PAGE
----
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Using Liquid Thermal Interface Materials in Electronics Manufacturing

By Jon Urquhart, Global Applications Engineering Director, PVA

In the rapidly expanding world of electronics manufacturing, heat management has become a critical aspect of the design and assembly process. Whether designers are looking to get faster data rates from processor chips or create dense, high-power devices used in electric vehicle infrastructure, it has become more challenging than ever to effectively dissipate heat from the device. This is where thermal interface materials (TIMs) come into play.

While TIMs come in pad or liquid form, liquids are most commonly used and offer advantages over thermal pads, such as higher thermal conductivity, better conformability to irregular surfaces, reduced thermal resistance, and flexibility in the manufacturing process. Thermal pads are typically made of materials such as silicone or foam with conductive particles and provided pre-cut to size. In these days where design and manufacturing flexibility are key, dispensing liquid TIM offers a much more favorable process.

There are several types of liquid TIMs available, including thermal grease, gap filler, and thermal gel. Thermal grease is a silicone or metal-based paste that is dispensed onto to the component surface before a heat sink is mounted. Gap filler is made up of a two-component silicone formulation that provides adhesive properties between the two mating surfaces and not only thermal dissipation. The third type of TIM is thermal gel, which is a one-part silicone or urethane product with paste-like consistency that acts like a thermal pad but is in a dispensable liquid form.

The types of TIMs mentioned above are not all used in the same applications. Thermal grease is commonly used in applications where a higher thermal conductivity is required, such as high-power CPUs for data or graphics or in devices with very thin gaps between the device and heat sink. Gap filler is commonly used where the end product may see high vibration. The thermal gel is often used in devices where rework-ability may be needed, or the module needs to be easily disassembled in the future. Both gap filler and thermal gels are also used in applications where distance between the mating surfaces may be relatively large and not allow direct contact between the devices.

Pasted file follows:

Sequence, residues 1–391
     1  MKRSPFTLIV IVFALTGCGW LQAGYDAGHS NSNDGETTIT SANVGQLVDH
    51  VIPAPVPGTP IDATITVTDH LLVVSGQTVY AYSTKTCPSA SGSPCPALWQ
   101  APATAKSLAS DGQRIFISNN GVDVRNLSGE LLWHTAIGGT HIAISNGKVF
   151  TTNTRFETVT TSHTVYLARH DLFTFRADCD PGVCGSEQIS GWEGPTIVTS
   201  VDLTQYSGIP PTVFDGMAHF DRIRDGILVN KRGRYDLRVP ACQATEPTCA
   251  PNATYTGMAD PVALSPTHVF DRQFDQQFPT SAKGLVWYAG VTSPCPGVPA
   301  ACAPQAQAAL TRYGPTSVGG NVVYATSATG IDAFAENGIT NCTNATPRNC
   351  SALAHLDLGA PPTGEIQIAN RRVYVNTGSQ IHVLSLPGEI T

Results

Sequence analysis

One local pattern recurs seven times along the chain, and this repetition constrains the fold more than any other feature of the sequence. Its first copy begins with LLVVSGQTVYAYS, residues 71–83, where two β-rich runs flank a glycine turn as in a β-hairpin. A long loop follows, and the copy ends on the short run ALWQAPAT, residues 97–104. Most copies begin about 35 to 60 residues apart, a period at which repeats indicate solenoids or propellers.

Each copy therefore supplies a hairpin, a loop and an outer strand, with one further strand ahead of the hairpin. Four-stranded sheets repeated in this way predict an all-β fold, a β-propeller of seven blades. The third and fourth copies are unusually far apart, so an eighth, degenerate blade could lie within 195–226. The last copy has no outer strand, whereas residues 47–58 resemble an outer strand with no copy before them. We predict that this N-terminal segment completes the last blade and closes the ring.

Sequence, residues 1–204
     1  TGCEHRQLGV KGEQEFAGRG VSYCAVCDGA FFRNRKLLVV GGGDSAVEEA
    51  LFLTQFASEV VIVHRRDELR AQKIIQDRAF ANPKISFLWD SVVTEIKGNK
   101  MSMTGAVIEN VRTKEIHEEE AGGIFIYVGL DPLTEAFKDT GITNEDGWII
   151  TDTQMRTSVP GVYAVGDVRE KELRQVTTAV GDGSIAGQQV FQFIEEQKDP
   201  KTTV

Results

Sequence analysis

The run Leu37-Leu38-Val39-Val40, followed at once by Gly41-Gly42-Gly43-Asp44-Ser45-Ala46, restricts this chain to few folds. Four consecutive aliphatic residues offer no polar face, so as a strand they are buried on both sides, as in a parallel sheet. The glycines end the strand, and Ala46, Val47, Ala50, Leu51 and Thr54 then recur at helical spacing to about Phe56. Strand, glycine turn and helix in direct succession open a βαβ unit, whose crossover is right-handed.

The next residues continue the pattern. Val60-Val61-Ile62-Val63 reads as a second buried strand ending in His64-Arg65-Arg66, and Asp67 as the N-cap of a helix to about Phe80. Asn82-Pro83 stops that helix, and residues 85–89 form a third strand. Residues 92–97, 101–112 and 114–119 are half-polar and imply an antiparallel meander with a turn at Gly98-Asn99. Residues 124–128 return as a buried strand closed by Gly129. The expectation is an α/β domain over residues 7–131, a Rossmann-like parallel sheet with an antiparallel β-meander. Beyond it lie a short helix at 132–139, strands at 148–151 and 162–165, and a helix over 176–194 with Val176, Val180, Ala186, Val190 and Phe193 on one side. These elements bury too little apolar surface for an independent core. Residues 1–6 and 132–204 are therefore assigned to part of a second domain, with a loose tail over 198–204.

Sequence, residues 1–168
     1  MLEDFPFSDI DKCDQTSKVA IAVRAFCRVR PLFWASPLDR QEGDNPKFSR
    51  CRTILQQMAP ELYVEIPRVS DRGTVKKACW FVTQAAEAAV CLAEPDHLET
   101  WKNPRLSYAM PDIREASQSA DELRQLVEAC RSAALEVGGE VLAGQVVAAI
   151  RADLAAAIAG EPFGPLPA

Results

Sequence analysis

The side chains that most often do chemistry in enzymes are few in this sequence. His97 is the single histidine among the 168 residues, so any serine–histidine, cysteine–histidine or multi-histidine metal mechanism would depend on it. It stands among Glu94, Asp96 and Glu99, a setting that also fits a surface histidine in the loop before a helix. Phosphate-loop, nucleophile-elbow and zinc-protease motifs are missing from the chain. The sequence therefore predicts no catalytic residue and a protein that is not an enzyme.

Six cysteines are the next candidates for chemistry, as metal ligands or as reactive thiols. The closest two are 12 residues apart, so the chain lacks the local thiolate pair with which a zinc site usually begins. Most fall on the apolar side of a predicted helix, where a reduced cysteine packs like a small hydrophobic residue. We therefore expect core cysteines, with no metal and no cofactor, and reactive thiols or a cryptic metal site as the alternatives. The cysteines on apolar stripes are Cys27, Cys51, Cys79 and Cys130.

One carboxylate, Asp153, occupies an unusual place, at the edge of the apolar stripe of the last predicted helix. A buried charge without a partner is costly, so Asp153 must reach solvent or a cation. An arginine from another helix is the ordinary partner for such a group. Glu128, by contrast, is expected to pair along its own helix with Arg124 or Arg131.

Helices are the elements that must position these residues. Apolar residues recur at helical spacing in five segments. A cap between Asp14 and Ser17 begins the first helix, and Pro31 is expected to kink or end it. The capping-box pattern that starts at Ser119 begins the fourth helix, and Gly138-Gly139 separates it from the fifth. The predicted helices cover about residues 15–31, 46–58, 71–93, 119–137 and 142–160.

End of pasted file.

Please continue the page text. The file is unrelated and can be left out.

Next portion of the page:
The application of thermal interface materials is no small feat and should be closely monitored. Most of these formulations include highly abrasive, conductive particles that can wreak havoc with traditional dispensing equipment, either by quickly wearing down components or packing into restricted spaces and rendering the system unusable. Dispensing TIM requires understanding of the liquid and a focus on fluid system design in order to maximize device life and maintain the integrity of the TIM during dispensing. Everything from pump design to fluid routing to materials used in the wetted components should be considered when designing a TIM dispensing system. Simple choices such as smooth flow fittings and eliminating sharp bends in the fluid path can help maintain fluid flow velocity and prevent separation and packing of fillers. Other considerations such as using abrasion resistant materials like carbide for valve sealing rods, or simple, low-cost seals that are easy to replace, can help prolong the time and cost of rebuilds.

Thermal interface materials play a critical role in the manufacture of electronic devices of all shapes and sizes. Dispensing of TIMs has become a standard process for many new devices and the diverse nature of this process is enabling manufacturing efficiencies for an evolving future.